By James Kwak
This could be a midsize political battle in the run0up to the midterm elections, as discussed by The New York Times. The positions on both sides are too obvious to warrant repeating. If I recall correctly, the Obama administration hurt itself by underestimating the course of future unemployment a year ago when it passed the stimulus (most people were making the same mistake at the time), so now if you compare actual unemployment against original projections it looks like the stimulus had no impact. But that was a forecasting error and has nothing in itself to do with the stimulus itself.
Menzie Chinn has an overview post on the debate in which he argues that, at least from the standpoint of economists, it’s hardly a debate: the stimulus worked.
He points out that leading private-sector economic consulting firms are crediting the stimulus with significant impacts on GDP growth and employment. Here’s the money chart (originally from the Times):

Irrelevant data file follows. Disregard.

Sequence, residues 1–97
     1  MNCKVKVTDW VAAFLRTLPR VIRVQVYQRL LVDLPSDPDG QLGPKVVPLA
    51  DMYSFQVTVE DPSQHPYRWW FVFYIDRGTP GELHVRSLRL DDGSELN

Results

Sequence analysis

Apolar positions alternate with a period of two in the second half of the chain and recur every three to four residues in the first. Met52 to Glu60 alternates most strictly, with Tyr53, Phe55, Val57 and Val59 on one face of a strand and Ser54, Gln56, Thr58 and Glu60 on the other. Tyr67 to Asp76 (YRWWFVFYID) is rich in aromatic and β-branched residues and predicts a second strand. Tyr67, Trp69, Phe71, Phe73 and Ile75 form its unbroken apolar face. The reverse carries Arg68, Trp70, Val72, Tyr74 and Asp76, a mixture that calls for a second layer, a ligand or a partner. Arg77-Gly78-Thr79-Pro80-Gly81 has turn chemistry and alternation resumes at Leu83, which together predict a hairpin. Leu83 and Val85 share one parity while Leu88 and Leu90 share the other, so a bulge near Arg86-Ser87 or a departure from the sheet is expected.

Chinn discusses the types of models used to generate those forecasts, and competing models used by a few academics that yielded different results. He also points out that the CBO also estimates significant growth and employment impacts. If you want to pursue the matter further, he links to a couple of contrary arguments.
Of course, none of this will matter in the end because, as someone (Barney Frank?) said, you can’t get elected saying things would have been even worse without you. Unemployment will still be high in November and the Republicans will blame it on Obama. Voters aren’t going to believe macroeconomic models, don’t realize that unemployment is a lagging indicator, and will (with a little justification) think that Obama could have done more to create jobs.